I am aware of the fact that rollers have been used in moisture testers, the substance to be tested-passing between the rollers and pressure being exerted by the rollers but in testers of this form, the rollers will take up some of the mois-' ture contained within the substance to be tested with the result that unless the rollers are carefully cleaned anddried between each test, the In the roller type of tester, the surfaces coming in contact with the material are not readily accessible and are not readily cleaned. r

Furthermore, the roller type tester cannot ciliciently test the moisture content of a finely granulated or pulverized substance, such as flour, fine,

sugar-or bran, because the substance being tested will slip through 'or adhere to the roller platesor may even have small interstices left within the substance dueto the fact that there is no way under the roller type of tester whereby a con stant' pressure can be applied on the substance while it is being tested: My construction is such that the substance to be tested can be held at a uniform pressure at all times during the test,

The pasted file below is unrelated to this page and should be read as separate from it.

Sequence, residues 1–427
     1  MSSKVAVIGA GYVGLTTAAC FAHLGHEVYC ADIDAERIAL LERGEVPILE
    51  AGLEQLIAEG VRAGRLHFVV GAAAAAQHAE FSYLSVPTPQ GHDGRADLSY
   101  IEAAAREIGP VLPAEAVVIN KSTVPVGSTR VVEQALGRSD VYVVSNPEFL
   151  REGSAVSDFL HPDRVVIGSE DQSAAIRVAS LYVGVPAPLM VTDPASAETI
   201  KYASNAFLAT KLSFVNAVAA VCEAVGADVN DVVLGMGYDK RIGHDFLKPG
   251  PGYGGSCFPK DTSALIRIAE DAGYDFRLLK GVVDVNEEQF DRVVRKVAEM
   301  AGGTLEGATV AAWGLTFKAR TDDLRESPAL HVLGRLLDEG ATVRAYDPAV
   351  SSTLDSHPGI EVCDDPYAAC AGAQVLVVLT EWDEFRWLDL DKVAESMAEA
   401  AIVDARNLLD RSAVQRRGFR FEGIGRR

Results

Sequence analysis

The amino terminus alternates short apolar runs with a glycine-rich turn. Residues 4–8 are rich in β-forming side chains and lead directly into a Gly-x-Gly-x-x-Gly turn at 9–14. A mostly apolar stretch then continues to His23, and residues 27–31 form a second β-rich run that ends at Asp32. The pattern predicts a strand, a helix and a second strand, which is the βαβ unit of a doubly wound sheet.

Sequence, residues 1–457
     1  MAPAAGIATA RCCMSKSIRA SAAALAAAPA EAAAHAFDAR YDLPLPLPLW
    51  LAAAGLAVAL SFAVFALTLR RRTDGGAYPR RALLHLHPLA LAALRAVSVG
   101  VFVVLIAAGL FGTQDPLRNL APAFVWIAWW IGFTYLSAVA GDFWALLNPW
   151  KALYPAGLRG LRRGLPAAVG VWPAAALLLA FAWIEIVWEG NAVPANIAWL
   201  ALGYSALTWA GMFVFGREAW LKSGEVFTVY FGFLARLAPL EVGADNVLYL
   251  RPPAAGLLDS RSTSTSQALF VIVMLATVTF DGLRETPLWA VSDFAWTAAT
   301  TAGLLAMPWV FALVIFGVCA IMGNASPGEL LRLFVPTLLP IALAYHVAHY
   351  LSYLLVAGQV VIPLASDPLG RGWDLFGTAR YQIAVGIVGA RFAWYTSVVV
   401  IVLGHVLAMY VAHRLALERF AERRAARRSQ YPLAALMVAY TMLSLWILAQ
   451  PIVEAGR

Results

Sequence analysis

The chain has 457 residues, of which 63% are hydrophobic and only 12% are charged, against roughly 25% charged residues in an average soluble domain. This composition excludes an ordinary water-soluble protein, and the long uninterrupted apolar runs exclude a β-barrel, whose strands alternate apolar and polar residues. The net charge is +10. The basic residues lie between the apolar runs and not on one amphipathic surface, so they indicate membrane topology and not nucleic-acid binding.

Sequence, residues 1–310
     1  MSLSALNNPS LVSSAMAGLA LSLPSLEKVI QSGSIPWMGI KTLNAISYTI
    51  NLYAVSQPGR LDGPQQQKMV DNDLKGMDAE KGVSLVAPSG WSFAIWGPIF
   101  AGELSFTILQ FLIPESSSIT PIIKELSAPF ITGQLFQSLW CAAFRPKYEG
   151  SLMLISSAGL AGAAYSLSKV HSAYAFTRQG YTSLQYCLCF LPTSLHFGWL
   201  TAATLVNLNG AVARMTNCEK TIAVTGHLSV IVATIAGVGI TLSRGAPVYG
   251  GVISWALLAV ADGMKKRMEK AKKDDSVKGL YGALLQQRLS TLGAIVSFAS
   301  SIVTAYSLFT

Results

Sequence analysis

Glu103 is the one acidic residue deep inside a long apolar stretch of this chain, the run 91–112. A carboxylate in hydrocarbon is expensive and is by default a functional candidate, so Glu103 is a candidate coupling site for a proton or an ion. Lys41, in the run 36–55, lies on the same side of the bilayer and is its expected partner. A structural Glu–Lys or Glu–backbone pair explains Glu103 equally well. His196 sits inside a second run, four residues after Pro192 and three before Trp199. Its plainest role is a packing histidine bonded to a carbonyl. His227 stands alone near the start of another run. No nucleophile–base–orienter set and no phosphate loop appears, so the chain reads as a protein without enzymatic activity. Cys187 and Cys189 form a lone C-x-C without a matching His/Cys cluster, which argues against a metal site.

this pressure to be predetermined in accordance with the organic composition of the substance to be tested.

Furthermore, in the roller type of tester, the substance to be tested passes between the rollers while they are rotating. The pressure on the substance between the two portions of the rollers closest together, will inevitably be greater than the pressure on that portion of the substance which has just passed through the space where the two rollers are closest or greater than the pressure on that portion of the substance which has not yet entered this space. Therefore, there will be a very great inaccuracy in the resultant reading of a dial of an ohmmcter. This is entirely eliminated in my invention because pressure is exerted evenly upon all portions of the substance at all points of contact and such pressure is retained at a constant figure.